As a creative way to share its product line with the public, Hypnartic Artwork recently embarked upon a road trip as part of its Wind Sculptures Across America Tour where it made stops in multiple scenic American destinations. To date, Hypnartic Artwork has traveled from its corporate offices in Jamestown, Rhode Island, to Sedona, Arizona and back after making stops in Santa Fe, NM, Evergreen, Denver and Vail, Colo., Kansas City and St. Louis, Mo., Cambridge, MA; and Kennubunkport, Maine.
The urban landscape of downtown Santa Fe, New Mexico received a new spin on its official nickname of The City Different during a temporary outdoor display of the copper Spinning Leaves and Solar Reflections wind sculptures by Hypnartic Artwork that were recently installed at Cathedral Park.
The cathedral itself is among the magnificent architectural landmarks, natural beauty and scenic landscapes of Santa Fe that provides creative inspiration to residents and visitors. Painter Edward Hopper based his“Saint Francis’ Tower, Santa Fe” upon his 1925 visit to the city.
Santa Fe’s population of over 69,000 consists of a large number of visual artists, musicians and writers. The city is a widely known cultural arts mecca filled with many music venues, art galleries and museums exhibiting historical, folk to contemporary works including former resident American painter Georgia O’Keefe who died in 1986.
Santa Fe translates to Holy Spirit in Spanish which is appropriately underscored by the Cathedral’s magnificent and noteworthy architectural design. Classified as the mother church of the Archdiocese of Santa Fe, Archbishop Jean Baptist Lamy built the limestone Cathedral between 1869 and 1886.
Santa Fe enjoys historical distinctions both within New Mexico itself as well as the overall United States. Founded in 1610, Santa Fe is considered as the oldest and fourth largest city in New Mexico which became the 47th state in 1912. As the oldest U.S. capital city, its elevation of 7,199 ft. above sea level marks the highest elevation of any capital city nationwide.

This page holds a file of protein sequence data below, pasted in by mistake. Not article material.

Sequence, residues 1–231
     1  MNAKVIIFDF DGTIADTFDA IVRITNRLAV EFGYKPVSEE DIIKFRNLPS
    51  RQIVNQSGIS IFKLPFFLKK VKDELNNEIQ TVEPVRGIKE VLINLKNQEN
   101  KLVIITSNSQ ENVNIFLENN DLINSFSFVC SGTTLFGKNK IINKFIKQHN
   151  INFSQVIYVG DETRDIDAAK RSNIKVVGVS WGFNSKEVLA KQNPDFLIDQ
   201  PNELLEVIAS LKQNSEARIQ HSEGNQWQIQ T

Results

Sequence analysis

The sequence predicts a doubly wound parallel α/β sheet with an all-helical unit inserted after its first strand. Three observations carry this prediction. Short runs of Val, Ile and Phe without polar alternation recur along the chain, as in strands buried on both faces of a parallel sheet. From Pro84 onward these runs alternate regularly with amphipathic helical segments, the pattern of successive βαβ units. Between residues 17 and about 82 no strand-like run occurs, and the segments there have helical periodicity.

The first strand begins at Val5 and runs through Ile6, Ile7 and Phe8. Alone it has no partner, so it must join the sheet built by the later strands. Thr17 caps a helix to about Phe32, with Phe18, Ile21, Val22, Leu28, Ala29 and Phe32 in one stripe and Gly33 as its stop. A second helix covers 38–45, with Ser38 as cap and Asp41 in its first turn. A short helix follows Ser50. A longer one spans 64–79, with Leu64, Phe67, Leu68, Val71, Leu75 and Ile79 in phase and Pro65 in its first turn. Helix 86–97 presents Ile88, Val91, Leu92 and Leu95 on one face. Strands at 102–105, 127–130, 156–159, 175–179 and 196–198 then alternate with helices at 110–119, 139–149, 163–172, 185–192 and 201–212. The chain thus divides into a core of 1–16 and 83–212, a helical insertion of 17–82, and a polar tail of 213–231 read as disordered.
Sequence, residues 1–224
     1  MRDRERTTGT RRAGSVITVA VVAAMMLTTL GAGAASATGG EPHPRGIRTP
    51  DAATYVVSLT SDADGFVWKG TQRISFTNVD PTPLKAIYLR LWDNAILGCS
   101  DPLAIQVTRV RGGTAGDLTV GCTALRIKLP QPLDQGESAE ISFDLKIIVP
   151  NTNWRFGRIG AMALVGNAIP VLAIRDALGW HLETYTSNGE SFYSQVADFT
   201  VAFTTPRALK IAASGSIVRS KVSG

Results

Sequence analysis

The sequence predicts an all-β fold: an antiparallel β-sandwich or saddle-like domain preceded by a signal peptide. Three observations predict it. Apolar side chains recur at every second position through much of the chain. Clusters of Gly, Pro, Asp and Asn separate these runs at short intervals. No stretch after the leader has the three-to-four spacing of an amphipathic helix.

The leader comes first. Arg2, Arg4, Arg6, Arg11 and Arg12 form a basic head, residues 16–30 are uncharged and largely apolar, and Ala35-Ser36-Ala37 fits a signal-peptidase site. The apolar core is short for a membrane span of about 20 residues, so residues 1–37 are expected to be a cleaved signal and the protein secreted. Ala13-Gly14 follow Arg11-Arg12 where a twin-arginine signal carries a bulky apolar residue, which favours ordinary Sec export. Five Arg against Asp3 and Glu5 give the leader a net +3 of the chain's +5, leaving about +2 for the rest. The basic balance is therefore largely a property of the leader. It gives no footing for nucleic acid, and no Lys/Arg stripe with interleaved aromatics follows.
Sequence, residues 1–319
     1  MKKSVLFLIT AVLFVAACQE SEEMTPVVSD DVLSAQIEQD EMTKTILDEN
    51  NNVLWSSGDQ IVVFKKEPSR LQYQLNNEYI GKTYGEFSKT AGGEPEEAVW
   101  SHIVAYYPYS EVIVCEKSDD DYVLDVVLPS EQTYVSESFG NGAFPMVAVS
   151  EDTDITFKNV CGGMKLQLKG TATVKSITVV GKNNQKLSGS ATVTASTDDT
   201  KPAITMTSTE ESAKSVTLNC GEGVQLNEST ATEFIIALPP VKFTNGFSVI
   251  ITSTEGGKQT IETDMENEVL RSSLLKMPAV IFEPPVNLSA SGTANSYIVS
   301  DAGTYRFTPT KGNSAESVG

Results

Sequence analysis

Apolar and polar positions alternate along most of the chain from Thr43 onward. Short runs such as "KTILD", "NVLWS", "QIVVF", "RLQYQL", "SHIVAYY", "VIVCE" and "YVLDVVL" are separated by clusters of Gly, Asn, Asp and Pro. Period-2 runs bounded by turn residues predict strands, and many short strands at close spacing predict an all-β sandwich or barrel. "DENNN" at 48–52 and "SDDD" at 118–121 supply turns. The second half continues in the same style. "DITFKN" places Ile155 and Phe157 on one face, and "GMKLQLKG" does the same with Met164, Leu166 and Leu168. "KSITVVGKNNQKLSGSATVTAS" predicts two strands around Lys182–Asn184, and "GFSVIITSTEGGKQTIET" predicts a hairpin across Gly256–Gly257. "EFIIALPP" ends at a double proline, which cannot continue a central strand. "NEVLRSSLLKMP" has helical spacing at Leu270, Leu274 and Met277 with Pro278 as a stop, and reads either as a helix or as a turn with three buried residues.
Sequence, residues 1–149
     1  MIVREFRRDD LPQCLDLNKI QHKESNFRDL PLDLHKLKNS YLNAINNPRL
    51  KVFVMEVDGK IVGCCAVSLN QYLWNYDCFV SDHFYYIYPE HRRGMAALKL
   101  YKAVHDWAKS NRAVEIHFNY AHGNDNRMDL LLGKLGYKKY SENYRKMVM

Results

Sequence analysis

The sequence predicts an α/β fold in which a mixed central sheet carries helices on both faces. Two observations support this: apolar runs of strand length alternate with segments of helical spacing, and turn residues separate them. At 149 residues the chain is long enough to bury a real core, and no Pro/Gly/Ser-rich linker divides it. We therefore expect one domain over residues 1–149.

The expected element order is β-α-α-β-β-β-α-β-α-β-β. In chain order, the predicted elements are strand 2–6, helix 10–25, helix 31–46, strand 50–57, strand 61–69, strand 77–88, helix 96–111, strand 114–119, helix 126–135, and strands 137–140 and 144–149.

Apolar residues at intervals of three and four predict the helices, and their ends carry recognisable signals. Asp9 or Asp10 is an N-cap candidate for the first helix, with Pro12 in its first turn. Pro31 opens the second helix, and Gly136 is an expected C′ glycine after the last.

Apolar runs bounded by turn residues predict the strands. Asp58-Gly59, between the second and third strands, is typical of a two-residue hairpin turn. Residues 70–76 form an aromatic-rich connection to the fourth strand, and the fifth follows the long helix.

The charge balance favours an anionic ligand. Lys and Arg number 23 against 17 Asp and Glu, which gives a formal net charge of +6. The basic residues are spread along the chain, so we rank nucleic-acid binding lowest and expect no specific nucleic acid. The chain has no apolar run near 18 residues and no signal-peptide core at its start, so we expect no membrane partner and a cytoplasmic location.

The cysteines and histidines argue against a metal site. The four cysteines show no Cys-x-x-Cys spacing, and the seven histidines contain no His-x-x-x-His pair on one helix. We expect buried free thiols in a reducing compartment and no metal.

Additionally, Santa Fe has earned global recognition from the United Nations for its deep commitment to preserving, sustaining and promoting crafts, folk art and design. In 2005, Santa Fe was inaugurated into its competitive Creative Cities Network, a prestigious affiliation which squarely places Santa Fe’s cultural arts achievements upon a global stage. To date, membership to the UNESCO Creative Cities Network has been extended only to the U.S. cities of Iowa City, Iowa for Literature in 2008 and Paducah, Kentucky for Craft and Folk Art in 2013.
The Santa Fe stop was part of Hynartic Artwork’s recent road trip for its Wind Sculptures Across America Tour. It is among the multiple scenic American destinations that Hypnartic Artwork has visited during its ongoing Wind Sculpture Across America Tour .
In addition to the Spinning Leaves and Solar Reflections kinetic wind sculpture designs that Hypnartic Artwork showcased in Santa Fe, its collection includes Solar Reflections cast from stainless steel, Concord Swan and Wind Weaver cast from copper. Produced with materials of quality and crafted with precision, each Hypnartic Artwork kinetic wind sculpture features meticulous engineering and innovative design that enables quiet and smooth 360 degree rotation.